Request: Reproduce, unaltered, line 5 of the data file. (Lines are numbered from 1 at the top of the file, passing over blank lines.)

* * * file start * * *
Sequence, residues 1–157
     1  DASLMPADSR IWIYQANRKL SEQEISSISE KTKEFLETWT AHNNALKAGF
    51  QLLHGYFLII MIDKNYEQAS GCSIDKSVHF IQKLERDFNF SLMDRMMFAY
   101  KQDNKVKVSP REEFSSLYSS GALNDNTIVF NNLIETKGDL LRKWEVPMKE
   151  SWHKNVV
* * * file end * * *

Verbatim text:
   151  SWHKNVV